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Could a career in academia be for you?

Photo: Health Times
It was a lack of good enough grades that lead University of South Australia’s School of Nursing and Midwifery Associate Professor, Jane Warland, to pursue a career in the field. 

“I didn’t really decide,” she says.

“My school results weren’t good enough to get into teaching so I did my second preference – nursing - instead.”

But it wasn’t long before she embraced the role and realised she’s found her calling, working as a nurse for ten years, then a midwife for 20.

“I realised that nurse and midwives do have a role in teaching patients, and so was fairly happy taking on that teaching role within the clinical side of things for many years.

“I loved being a midwife,” she says.

“Every day was different, and the role is very fulfilling. Being with women and their families at a very special time in their lives is a privilege.”
Now a full-time academic, it was a personal tragedy that lead to the pivot in career direction.

“I needed to find answers to why my daughter, Emma, was Stillborn.

“This ultimately led me to a PHD and during my PhD I was given opportunities to teach casually.

“At the end of my PhD I realised I needed to decide whether to continue clinically or take on the role as an Academic.”

After much consideration, she chose the latter.

“I felt I had made a significant contribution to the profession over 30 years of clinical work and that it was now time to give back to the profession through educating the next generation.

“My PhD showed that women with low BP and posterior placenta are at increased risk of stillbirth.

“I had both of those factors, unknown until I published my thesis, but these were risk factors with quite modest odds ratios so only provided some answers.

“I have been on a quest ever since getting my PhD to find further answers for both myself and other parents, and some of these studies have been very exciting.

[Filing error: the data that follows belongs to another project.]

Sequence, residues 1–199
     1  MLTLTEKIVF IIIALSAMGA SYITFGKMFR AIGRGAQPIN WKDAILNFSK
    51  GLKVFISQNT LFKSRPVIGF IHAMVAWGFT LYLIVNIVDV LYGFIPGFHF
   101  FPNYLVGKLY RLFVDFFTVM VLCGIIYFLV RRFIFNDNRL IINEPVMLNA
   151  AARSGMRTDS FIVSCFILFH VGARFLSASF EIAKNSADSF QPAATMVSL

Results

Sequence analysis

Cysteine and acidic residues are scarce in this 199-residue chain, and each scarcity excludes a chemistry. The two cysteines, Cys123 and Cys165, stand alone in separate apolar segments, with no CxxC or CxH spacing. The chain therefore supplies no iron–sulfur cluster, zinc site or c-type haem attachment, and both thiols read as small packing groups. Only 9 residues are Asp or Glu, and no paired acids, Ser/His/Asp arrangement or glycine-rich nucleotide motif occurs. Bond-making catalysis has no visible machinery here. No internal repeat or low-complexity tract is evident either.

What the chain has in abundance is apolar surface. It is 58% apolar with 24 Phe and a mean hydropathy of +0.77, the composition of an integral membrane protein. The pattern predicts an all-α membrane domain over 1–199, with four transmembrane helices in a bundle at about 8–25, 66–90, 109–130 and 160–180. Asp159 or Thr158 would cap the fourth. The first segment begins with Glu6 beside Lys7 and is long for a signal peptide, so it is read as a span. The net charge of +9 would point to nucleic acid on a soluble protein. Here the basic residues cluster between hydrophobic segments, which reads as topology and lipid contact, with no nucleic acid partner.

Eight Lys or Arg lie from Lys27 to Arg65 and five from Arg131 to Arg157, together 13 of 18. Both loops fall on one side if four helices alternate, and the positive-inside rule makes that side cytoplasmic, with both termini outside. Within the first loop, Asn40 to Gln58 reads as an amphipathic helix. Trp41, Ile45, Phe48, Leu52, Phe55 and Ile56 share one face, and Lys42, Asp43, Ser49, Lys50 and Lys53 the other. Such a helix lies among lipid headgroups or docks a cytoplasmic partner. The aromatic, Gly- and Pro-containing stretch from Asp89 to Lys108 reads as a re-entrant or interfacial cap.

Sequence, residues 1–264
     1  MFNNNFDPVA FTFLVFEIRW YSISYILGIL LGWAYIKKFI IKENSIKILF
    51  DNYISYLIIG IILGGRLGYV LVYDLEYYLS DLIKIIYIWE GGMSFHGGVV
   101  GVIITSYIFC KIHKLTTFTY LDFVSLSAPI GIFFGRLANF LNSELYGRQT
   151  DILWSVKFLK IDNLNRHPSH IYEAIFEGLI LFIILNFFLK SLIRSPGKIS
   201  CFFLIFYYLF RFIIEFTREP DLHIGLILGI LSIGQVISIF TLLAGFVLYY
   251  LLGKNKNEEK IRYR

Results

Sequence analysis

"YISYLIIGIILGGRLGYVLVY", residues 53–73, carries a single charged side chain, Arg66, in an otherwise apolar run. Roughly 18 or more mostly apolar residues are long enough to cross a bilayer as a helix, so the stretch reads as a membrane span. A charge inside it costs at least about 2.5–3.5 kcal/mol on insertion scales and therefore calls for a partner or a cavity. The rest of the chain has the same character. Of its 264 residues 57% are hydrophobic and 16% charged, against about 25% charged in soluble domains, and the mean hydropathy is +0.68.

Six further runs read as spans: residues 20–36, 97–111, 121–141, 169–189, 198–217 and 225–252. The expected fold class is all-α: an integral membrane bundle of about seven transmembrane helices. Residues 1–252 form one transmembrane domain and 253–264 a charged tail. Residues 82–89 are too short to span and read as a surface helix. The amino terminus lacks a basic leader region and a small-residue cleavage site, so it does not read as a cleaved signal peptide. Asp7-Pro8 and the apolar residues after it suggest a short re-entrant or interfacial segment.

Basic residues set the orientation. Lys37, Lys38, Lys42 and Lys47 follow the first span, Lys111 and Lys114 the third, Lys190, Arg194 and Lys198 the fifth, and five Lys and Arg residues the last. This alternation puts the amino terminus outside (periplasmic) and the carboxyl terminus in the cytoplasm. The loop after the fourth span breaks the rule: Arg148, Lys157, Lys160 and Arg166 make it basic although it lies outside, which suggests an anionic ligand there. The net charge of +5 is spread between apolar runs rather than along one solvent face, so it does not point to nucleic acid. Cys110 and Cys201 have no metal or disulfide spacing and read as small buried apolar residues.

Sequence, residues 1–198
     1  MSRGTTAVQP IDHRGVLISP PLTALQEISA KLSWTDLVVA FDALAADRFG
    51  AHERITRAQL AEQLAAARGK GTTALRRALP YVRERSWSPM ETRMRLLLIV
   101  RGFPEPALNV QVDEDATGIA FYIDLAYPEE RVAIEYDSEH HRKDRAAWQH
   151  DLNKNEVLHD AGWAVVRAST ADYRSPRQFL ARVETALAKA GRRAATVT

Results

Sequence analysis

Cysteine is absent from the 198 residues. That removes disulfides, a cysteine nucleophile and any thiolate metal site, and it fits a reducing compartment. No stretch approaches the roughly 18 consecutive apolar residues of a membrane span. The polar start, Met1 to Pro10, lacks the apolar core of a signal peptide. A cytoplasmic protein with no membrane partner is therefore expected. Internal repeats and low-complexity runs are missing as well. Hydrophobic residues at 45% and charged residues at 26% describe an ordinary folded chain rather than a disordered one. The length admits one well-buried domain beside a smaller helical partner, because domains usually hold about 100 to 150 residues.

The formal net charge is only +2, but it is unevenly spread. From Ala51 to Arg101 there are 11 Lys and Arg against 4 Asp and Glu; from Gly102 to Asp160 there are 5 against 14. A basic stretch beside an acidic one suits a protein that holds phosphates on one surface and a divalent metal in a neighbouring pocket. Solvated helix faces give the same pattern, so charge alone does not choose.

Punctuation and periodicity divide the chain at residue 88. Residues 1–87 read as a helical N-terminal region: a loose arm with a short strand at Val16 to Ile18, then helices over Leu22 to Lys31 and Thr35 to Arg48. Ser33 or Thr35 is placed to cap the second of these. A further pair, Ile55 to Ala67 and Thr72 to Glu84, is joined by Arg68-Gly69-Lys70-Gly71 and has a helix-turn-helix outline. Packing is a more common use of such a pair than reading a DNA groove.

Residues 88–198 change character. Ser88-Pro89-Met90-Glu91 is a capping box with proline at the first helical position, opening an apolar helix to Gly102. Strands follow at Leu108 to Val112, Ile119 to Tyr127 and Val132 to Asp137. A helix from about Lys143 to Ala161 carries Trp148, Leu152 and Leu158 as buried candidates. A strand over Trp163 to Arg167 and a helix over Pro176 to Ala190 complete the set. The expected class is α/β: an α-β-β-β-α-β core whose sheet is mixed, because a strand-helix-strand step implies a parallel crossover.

“I have been part of studies that have established that supine sleeping position is best avoided in pregnancy and why that might be, as well as establishing that it is important for women to report altered foetal activity (different from reduced foetal movements) as an important factor in stillbirth prevention.”

Embarking on a career in academia has enabled Professor Warland to experience a different side to midwifery, forming firm friendships with international stillbirth researchers, presenting at international conferences and being at the forefront of exciting research and development.

“I love it! I am usually busy, but the work is very varied and interesting. I also have a lot of flexibility in hours that I work.

“A typical day involves a mixture of teaching face to face and research, such as writing papers for publication, grant proposals, meeting with collaborators, conducting research.”

Associate Professor Warland says if you love working with people, have a good eye for detail and are passionate about midwifery or nursing, an academic career might be for you.

“I think you do need to be passionate about educating others and it’s very helpful to have a wealth of practical experience to keep students engaged in their learning.”

There are plenty of personal benefits for pursing an academic career. For one thing, it allows you to fully focus on the areas of nursing and midwifery that you love.

As an academic, you can devote all of your research time to areas of specific interest to you.

You’ll also enjoy a blend of autonomy and collaborations found in few careers. Effectively, you’re your own manager, so you organise how you spend your time and where you devote your research.

On the flipside, you’ll have the opportunity to collaborate and consult with like-minded academics and experts in other fields.

But perhaps the most exciting part of working as a nursing or midwifery academic, is the ability to make a real difference to the field, through long-term, extensive research on the issues that matter.

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Nicole Madigan

Nicole Madigan is a widely published journalist with more than 15 years experience in the media and communications industries.

Specialising in health, business, property and finance, Nicole writes regularly for numerous high-profile newspapers, magazines and online publications.

Before moving into freelance writing almost a decade ago, Nicole was an on-air reporter with Channel Nine and a newspaper journalist with News Limited.

Nicole is also the Director of content and communications agency Stella Communications (www.stellacomms.com) and a children's author.